Homes, offices and factories are all major users of pumps, meters and flow valves, many of them have problems caused by vapour (often water vapour) permeability. The pumps etc are usually made from materials that are excellent at keeping liquids out, but sadly this does not affect their ability to prevent gases flowing straight through them and forming a condensate on the other side. EVOH, PVOH, cellulose and many other materials fall into this category and allow vapour to flow through almost unhindered. Worse still, manufacturing processes such as thermoforming can degrade performance to a quarter of its original value.
For information on permeability testing click for Pumps and meters click here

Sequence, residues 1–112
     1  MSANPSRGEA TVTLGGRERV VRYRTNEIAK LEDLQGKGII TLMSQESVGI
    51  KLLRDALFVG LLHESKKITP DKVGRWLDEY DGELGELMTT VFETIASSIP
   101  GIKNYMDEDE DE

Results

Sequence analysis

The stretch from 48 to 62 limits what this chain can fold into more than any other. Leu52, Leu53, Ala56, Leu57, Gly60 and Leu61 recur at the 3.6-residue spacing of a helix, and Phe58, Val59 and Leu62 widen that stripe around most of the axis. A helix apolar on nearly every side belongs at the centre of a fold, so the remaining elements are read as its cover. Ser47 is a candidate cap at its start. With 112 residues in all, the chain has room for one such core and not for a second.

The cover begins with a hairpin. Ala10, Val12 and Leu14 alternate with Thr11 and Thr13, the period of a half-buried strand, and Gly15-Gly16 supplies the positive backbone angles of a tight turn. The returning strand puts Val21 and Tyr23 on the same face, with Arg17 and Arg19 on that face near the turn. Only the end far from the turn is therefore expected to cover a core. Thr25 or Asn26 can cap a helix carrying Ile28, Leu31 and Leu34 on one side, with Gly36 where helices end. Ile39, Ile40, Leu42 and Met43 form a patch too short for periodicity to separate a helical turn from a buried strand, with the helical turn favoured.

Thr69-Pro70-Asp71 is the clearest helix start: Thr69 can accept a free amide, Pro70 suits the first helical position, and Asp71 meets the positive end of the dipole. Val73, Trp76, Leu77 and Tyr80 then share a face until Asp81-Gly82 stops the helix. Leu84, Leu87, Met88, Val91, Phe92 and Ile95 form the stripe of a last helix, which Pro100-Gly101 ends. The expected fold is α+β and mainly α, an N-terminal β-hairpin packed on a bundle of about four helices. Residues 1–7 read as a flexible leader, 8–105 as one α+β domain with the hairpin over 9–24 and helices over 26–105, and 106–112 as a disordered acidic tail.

Click here for an article on Testing for water vapour permeability of materials and containers
However, measuring the vapour permeability of either the material from which the pumps, valves or metres are tested, or even components or the finished products themselves has become easy
Problems with vapour permeability have led to expensive product recalls and replacements. What's more our equipment can optionally measure vapour permeability not only with respect to water vapour, but also for hydrocarbons, oxygen, nitrogen, CO2 and most other gases.
Click here for Engineering Live's piece on pumps and meters and here for Plant Engineering's take on the issue
For equipment to measure permeability click here
For background information on permeability click here